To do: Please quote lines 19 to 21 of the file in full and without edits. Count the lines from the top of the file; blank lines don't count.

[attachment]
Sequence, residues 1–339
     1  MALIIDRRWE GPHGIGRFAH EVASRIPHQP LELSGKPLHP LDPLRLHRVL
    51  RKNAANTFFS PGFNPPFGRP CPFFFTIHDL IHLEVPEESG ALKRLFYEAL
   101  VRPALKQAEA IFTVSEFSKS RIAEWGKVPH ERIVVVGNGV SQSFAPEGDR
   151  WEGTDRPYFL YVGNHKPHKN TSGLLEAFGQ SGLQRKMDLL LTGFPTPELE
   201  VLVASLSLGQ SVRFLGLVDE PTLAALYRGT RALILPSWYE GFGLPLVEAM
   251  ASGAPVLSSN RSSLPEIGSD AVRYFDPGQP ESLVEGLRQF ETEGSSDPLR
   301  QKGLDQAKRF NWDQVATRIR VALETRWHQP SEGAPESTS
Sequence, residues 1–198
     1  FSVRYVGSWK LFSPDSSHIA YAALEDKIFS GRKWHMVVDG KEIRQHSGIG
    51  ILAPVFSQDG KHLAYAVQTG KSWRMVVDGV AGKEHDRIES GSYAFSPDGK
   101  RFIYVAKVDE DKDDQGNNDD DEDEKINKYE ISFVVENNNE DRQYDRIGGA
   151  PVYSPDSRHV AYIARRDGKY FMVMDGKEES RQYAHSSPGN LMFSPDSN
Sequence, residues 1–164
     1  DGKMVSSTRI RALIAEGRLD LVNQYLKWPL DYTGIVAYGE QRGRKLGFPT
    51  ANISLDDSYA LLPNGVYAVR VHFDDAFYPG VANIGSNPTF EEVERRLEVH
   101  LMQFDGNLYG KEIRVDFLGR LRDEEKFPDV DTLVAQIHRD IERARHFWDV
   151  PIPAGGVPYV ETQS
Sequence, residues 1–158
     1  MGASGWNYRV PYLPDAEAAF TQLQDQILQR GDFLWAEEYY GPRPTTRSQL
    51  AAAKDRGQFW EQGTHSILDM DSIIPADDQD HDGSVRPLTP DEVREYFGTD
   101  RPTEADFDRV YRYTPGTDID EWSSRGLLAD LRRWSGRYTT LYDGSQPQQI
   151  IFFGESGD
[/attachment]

Sequence, residues 1–158
     1  MGASGWNYRV PYLPDAEAAF TQLQDQILQR GDFLWAEEYY GPRPTTRSQL
    51  AAAKDRGQFW EQGTHSILDM DSIIPADDQD HDGSVRPLTP DEVREYFGTD